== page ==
Posted by: mdegeorge | June 9, 2010

The resilient, if not artful, Hawks a deserving Cup winner

Lord Stanley’s Cup has returned to the Windy City after a 49-year vacation. As often is the case, it wasn’t the exponent of the most beautiful style of play drinking from the Cup at season’s end, but it was the most deserving.

Let’s face it: this was a downright ugly series in a lot of respects. High-scoring, but hardly the free-flowing style displayed by some of the squads bowing out of the quest for the Cup earlier this postseason.

[picapp align=”center” wrap=”false” link=”term=patrick+kane&iid=9048716″ src=”http://view.picapp.com/pictures.photo/image/9048716/stanley-cup-finals/stanley-cup-finals.jpg?size=500&imageId=9048716″ width=”500″ height=”333″ /]

The style of play between the Blackhawks and Flyers throughout the series has been quite schizophrenic, highlighted by spurts of offensive mastery and momentum inexplicably followed by moments of unfocused and borderline bumbling mistakes. It was a battle between two teams walking the finest of tightropes between dominance and complete implosion; in the end, the team that avoided that plummet the longest was Chicago, and they can justly engrave their names into hockey history for it.

The teams combined for 47 goals in the series (a ludicrous average of almost eight per game) with an atrocious .871 combined save percentage and numerous soft goals on both sides. Michael Leighton, despite two horrific performances in Chicago, only accounted for two losses because even backup Brian Boucher was so bad in his vain attempts to stop the bleeding off the bench.

For me, there’s no better example than Game 5. The Blackhawks dominate the second half of the first period, scoring three goals in 6:02 to chase starting goaltender Michael Leighton for the second time in three games at the United Center. And how do they respond out of the intermission? By goalie Antti Niemi spilling an easy Ville Leino shot into the path of a hard-charging Scottie Hartnell to nonchalantly tap in just 32 seconds into the period to make it a game again.

Just look at the stars of the series. The Flyers weren’t led by the skillful Mike Richards (one goal, one assist, a whopping minus-7), the goal-scoring machine formerly known as Jeff Carter (1/1/minus-6, and a golden opportunity to win Game 6 in the dying moments missed by somehow managing to find a prone Niemi instead of a gaping cage), or a stirring performance in net by either Leighton or Boucher (combined .871 save percentage and 4.00 goals against average). The stars were grinders and bruisers like Hartnell (5/4/plus-5) and Leino (3/6/plus-6) playing with a finesse man in the form of Daniel Briere (3/9/plus-4).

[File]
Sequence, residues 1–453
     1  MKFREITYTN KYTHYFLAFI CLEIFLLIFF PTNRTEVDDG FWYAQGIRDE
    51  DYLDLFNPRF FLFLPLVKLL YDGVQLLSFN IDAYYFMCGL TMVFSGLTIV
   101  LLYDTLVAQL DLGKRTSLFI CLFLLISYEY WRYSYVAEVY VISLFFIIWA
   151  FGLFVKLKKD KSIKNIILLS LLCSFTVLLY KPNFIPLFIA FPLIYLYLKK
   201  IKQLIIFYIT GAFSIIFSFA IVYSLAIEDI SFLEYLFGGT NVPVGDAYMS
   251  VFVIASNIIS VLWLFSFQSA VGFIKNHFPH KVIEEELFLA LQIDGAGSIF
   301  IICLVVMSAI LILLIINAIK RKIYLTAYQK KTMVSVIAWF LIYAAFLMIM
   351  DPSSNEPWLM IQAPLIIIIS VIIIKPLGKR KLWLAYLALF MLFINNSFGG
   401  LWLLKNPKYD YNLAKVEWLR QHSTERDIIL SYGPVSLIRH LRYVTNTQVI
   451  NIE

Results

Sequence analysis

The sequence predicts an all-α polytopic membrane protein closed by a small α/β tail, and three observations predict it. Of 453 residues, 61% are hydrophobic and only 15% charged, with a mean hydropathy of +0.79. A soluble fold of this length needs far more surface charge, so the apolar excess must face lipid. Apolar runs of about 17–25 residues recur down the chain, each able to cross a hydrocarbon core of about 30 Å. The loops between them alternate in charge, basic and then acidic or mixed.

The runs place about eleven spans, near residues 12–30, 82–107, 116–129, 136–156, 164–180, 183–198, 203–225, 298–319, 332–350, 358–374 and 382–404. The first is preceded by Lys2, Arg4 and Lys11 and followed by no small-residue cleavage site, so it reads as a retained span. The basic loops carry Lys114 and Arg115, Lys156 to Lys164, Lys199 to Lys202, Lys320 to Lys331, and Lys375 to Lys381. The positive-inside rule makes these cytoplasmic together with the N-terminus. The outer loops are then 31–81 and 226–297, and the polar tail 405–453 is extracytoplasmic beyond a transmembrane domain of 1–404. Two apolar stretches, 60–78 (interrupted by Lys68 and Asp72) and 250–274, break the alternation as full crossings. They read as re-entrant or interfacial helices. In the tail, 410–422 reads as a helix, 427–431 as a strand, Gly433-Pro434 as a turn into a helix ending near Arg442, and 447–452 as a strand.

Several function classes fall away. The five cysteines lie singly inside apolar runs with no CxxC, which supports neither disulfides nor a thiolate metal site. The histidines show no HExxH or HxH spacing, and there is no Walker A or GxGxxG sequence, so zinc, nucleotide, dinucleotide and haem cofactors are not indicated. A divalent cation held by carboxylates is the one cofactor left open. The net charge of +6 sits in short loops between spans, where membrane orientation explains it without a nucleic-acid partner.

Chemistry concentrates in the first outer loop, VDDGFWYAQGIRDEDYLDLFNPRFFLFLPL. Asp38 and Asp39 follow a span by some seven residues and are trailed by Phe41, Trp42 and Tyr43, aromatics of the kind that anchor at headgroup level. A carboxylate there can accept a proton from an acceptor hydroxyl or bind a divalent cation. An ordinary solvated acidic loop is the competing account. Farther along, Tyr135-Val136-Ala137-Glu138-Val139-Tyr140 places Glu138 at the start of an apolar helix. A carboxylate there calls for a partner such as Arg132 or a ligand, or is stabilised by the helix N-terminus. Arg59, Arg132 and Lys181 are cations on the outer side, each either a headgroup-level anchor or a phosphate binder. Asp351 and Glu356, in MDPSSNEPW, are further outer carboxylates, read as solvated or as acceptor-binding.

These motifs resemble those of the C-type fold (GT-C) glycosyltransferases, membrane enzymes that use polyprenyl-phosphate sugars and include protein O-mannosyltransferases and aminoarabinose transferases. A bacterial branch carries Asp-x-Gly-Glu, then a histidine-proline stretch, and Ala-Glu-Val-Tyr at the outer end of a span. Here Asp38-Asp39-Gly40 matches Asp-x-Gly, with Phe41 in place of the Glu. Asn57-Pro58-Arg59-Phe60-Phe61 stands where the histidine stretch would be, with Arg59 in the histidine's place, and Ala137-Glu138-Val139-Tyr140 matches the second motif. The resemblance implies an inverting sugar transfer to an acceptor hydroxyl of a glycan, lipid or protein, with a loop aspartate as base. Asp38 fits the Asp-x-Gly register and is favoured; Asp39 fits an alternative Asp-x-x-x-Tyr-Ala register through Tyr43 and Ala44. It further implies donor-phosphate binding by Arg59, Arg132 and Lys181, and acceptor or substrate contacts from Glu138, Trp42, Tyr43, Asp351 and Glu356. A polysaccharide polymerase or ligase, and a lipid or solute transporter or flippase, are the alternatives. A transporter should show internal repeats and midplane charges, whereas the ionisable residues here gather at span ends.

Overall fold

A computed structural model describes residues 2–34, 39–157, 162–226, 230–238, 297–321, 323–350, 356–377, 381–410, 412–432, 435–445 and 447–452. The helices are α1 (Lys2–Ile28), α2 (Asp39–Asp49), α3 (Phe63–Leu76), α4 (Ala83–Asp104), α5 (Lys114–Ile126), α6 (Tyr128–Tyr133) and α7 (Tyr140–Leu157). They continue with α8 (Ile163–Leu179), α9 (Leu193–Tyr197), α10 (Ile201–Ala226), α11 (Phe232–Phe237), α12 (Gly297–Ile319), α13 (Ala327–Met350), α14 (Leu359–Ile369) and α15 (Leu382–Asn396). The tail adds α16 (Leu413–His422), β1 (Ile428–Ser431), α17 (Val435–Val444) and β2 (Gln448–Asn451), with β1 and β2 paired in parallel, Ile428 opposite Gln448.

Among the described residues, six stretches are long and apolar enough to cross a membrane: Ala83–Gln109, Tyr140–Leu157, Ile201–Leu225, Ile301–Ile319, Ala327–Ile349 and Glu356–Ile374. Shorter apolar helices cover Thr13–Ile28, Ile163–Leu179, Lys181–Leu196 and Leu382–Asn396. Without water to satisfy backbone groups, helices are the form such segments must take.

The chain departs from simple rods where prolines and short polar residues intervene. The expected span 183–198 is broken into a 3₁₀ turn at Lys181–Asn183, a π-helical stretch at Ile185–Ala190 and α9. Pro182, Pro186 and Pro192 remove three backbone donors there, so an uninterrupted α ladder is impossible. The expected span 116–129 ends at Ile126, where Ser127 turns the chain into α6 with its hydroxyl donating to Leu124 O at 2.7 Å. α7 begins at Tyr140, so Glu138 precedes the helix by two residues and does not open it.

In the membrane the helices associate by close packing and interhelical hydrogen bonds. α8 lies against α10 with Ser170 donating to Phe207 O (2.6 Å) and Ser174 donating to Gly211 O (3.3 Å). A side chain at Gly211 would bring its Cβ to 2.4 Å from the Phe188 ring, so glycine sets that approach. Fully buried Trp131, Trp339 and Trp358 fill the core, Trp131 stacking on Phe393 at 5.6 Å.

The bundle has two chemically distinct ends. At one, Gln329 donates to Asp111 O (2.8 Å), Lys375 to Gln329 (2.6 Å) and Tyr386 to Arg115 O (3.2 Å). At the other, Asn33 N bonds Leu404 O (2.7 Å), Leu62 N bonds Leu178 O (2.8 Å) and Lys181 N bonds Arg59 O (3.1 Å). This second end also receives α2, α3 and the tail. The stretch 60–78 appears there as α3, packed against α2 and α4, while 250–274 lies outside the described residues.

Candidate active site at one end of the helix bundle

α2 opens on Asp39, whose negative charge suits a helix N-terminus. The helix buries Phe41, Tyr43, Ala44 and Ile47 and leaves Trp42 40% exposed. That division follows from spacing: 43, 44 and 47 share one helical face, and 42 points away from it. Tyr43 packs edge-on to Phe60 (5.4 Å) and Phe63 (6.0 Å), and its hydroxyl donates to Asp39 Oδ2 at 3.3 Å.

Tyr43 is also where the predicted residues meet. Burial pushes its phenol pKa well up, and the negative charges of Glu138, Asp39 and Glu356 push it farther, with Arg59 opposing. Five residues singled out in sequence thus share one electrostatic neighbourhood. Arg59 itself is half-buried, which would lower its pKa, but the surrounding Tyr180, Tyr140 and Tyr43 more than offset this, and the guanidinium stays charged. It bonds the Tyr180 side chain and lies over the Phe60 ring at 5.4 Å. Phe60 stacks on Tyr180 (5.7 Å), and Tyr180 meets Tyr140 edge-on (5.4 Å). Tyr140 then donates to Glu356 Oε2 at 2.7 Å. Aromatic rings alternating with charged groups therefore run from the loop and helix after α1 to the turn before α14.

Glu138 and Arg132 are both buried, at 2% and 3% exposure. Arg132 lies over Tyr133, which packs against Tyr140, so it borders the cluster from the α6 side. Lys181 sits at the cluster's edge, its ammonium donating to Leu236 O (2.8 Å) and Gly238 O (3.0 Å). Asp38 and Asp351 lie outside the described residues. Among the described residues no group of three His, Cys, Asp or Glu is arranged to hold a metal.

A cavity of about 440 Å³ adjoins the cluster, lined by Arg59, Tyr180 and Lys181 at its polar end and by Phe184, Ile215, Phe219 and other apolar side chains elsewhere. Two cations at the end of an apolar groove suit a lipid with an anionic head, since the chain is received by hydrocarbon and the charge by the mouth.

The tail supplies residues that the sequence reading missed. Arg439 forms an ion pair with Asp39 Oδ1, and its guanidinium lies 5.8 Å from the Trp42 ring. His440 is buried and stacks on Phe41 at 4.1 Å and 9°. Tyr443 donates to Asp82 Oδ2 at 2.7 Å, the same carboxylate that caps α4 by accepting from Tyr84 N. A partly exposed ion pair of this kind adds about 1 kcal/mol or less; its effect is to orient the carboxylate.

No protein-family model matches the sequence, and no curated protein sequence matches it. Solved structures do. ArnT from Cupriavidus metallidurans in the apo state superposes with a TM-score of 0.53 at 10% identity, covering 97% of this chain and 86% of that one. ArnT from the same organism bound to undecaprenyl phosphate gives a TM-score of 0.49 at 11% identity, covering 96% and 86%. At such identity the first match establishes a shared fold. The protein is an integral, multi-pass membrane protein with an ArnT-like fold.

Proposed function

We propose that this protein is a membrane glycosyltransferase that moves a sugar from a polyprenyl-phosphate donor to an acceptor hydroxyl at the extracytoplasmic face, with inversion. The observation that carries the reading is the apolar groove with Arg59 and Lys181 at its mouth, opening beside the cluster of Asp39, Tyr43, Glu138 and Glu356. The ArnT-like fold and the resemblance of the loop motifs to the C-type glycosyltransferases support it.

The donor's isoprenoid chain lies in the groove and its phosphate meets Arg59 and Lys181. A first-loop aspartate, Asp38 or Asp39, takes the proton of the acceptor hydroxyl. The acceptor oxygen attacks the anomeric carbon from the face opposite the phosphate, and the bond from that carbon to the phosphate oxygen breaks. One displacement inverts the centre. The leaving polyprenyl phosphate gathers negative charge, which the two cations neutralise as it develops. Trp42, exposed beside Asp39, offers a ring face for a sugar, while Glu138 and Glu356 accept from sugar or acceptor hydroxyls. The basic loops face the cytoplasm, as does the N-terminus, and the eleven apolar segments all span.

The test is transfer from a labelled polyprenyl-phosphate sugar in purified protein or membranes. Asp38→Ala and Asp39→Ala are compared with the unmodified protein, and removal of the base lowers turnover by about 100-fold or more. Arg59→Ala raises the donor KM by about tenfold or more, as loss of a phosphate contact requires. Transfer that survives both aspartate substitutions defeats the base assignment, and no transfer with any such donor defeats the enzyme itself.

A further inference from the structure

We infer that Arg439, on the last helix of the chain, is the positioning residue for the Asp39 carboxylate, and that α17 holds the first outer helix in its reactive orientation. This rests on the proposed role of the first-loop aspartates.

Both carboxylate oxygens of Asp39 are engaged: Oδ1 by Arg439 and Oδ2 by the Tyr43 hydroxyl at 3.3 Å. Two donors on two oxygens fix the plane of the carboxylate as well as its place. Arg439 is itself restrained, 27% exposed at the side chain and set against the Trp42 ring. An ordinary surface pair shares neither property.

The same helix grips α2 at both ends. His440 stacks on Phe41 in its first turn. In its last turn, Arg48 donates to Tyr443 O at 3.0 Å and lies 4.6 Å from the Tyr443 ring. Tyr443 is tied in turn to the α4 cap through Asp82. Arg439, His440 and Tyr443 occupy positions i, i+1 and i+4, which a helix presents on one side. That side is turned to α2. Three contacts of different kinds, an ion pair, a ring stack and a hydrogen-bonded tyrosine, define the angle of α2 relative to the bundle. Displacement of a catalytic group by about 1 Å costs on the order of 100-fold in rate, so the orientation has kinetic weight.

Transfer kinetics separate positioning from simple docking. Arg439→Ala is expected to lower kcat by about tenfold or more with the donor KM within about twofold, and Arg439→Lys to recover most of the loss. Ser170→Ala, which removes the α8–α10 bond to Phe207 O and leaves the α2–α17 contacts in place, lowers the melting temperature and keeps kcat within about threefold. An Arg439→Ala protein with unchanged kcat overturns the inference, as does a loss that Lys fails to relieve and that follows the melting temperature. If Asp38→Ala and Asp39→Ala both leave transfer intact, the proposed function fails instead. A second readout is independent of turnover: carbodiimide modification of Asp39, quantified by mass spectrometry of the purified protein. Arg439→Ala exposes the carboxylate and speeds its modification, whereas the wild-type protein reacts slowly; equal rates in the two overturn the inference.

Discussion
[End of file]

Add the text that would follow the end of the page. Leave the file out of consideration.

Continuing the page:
Ditto for the Blackhawks, who won behind the strength not of stars like Jonathan Toews and Patrick Kane (Cup-clincher not withstanding), who combined for just two goals, seven assists, and a minus-10 rating. Instead, it was the grit of Tony Brouwer, Patrick Sharp, and series-changer Dustin Byfuglien. Even Neimi and his GAA just under four wasn’t the spectacular performance we’ve come to expect on such a stage.

The Cup-clinching goal was the microcosm of the series. It wasn’t the pretty, Bobby Orr-esque goal that will grace highlight reels for all time. It was a utilitarian, hard-working, slightly lucky effort off Kane’s stick that just got by Leighton.

The long grind of the Stanley Cup Playoffs certainly isn’t for the faint of heart. This year’s champ was if nothing else the most durable and resilient of the 16. And for it, they get to sleep with Lord Stanley’s Cup tonight.

Game Notes:

– It had to happen eventually. Congrats to Marian Hossa, though he is sill a foolish mercenary who disgustingly turned his back on the Penguins for more money two years ago and should have been fated to drift through life a perpetual runner-up. But he has his Cup, and he deserves it in trip number three.

– By the way Flyers’ fans, way to boo the Cup champs. Maybe there’s a reason why this drinking-baby loving, fellow fan vomiting, Santa Claus booing city so often comes up on the losing end in these situations.

– Oh Jeremy Roenick. What a wuss (and that’s the tame version of the original word I used). So glad you never raised the Cup with your weeping and bawling.

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Responses

  1. Comprehensive post. Congrats to the Blackhawks, but I agree that it was an ugly series.

  2. The resilient, if not artful, Hawks a deserving Cup winner « The ……

    I found your entry interesting do I’ve added a Trackback to it on my weblog :)…


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